I was up and on the road by 4:00am on Thursday, June 18. Due to my early departure, few stops, and entering the Mountain time zone, I made it to Idaho Springs by early afternoon. I found the road to Mt. Evans and headed towards the Echo Lake campground. Beautiful rolling roads curved through thick pine forests until I saw a sign announcing Echo Lake Park. The road then curved to show this small lake with Mt. Evans looking over her shoulder.
Just past the lake is the Echo Lake Lodge which features a gift shop and restaurant. It's a great place to pick up a souvenir, or to enjoy a meal in the rustic dining room. After a drive to the summit I stopped here for buffalo chili and cornbread, with peach pie for desert.
The lodge is located at the start of Mt. Evans road, across from the entrance to the campground. There's a parking lot next to the campground where cyclists can park for the ride to the summit if they aren't up to the ride from Idaho Springs.
There's a fee for a car or bike to go up the road. Once you pass the fee station you have nine miles to Summit Lake, and fourteen miles to the parking lot at the top.
The ranger at the fee station gives you some information as you head up the mountain about the flora and fauna to be found on the mountain. I saw some birds but couldn't tell you what they were. But, I saw lots of mountain goats, several marmots, and one flock? of bighorn sheep. This is one of several gatherings of goats across the mountain, near and on the road.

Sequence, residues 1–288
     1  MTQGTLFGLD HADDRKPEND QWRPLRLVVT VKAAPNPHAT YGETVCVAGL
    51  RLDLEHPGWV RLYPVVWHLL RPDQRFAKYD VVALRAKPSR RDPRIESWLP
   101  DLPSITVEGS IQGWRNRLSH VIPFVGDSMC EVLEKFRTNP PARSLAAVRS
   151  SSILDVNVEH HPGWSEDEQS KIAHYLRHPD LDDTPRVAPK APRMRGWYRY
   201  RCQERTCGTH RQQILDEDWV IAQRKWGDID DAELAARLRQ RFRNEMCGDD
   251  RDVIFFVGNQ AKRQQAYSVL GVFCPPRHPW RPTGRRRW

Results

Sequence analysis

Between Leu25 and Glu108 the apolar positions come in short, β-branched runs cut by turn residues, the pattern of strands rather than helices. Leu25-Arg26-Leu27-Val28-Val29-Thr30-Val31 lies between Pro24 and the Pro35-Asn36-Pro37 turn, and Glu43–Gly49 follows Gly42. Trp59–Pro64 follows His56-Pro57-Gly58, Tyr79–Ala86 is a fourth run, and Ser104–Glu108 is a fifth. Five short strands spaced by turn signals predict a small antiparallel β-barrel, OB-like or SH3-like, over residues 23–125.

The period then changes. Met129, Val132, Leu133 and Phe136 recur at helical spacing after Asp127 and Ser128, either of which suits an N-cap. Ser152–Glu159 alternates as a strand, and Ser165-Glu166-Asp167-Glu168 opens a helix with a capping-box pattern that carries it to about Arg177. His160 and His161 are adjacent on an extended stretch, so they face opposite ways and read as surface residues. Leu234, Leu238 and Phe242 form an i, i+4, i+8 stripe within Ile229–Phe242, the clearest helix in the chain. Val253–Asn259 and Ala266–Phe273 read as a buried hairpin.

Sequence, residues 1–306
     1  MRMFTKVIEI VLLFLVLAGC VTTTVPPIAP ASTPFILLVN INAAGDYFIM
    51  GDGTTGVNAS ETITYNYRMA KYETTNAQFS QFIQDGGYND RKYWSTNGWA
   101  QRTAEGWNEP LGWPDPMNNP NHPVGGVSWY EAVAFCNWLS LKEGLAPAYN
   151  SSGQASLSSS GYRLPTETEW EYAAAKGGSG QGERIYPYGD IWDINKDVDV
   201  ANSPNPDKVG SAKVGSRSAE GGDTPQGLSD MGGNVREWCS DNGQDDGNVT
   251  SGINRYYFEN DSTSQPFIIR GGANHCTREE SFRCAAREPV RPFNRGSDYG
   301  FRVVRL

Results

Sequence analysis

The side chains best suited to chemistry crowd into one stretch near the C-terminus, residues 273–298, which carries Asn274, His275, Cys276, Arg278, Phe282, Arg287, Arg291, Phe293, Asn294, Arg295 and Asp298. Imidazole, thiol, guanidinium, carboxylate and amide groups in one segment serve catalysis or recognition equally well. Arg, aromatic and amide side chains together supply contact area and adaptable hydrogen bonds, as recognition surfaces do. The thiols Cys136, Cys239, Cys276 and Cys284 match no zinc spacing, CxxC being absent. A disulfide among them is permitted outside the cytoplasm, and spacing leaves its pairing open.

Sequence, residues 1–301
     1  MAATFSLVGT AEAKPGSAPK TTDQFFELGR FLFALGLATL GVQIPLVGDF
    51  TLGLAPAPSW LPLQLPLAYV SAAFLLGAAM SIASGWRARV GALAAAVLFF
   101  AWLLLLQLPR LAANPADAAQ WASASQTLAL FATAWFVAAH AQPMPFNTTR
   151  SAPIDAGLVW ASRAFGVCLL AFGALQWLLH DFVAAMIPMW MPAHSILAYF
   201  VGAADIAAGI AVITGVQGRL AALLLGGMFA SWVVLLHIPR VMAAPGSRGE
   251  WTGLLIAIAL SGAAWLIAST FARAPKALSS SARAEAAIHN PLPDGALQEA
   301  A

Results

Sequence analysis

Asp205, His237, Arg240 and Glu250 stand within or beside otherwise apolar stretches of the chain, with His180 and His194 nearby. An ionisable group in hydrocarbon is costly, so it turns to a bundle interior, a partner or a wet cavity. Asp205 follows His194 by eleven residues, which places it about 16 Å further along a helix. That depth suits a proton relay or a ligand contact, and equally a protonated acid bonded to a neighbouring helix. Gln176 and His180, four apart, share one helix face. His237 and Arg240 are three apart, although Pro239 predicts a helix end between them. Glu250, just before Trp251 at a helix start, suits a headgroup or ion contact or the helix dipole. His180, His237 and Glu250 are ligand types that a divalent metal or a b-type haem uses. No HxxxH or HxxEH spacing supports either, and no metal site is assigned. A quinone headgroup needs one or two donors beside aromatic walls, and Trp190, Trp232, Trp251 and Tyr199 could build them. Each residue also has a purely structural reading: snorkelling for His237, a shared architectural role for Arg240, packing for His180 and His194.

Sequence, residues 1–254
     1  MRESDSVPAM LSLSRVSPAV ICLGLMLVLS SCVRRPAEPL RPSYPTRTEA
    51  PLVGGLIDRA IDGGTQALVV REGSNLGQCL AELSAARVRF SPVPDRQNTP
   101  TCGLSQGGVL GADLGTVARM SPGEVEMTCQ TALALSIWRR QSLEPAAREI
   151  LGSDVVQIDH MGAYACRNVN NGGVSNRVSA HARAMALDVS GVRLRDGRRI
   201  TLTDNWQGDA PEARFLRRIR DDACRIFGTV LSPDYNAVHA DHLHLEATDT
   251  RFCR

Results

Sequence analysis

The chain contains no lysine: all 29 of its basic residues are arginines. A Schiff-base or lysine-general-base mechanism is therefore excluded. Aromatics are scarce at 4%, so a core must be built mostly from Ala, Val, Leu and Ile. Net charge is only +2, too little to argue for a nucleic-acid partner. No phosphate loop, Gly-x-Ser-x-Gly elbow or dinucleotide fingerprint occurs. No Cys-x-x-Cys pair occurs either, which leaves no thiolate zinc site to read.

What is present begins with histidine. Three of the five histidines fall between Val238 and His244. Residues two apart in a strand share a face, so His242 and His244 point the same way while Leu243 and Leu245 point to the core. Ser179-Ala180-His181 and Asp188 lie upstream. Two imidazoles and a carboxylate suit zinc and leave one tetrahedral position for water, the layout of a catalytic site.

I believe this is Pike's Peak, far to the southwest, visible from the summit of Evans.
Here's what is left of a restaurant called Crest House which was completed in 1942. It was hit by lightning in 1979 and never rebuilt.
If you're patient and don't try to get too close you can spot the yellow-bellied marmot all over the summit.
Here's a view of the road that I drove to reach the summit. A bike ride up here now would be cold, with no protection from the wind, over roads that are narrow and winding, and not always in great shape. I'm sure you can imagine some expansion and contraction going on. It was 78 degrees in Idaho Springs on that day, 58 at Echo Lake, and 38 with a wind chill of 8 degrees at the summit.
Did I mention that it's 14, 258 feet in the air?
I pulled over at one of a handful of places to get a picture of how much snow is still guarding the road to the top.
These are the bighorn sheep who were not nearly as interested in getting close to vehicles as the goats. The big one at the front looked for alternate routes past me over the edge and up the snow wall. But with some young ones in tow he kept inching closer. I pulled way over to the left and when they were close they hurried on past me.
As I headed down the mountain I stopped for a picture of Echo Lake from up Mt. Evans road.
Some of the last trees at tree-line, before you leave the forest for the tundra, are these bristlecone pines. Some of these trees are estimated to be up to 1700 years old.
After getting off the mountain and spending the night at Echo Lake, I headed west to Frisco. I called Beth and told her I had good news and bad news. The bad news was that I didn't ride up Mt Evans. The good news was that it had greatly increased the odds of my surviving the day. I was smart enough to realize my limitations, and know that I would want the weather to be warmer, to have trained more, and to have someone with me in case there was trouble. Even if that just meant pointing to where I fell off the mountain. Besides, I had PLENTY of challenges ahead of me once the Bicycle Tour of Colorado began in Glenwood Springs on Saturday. True story!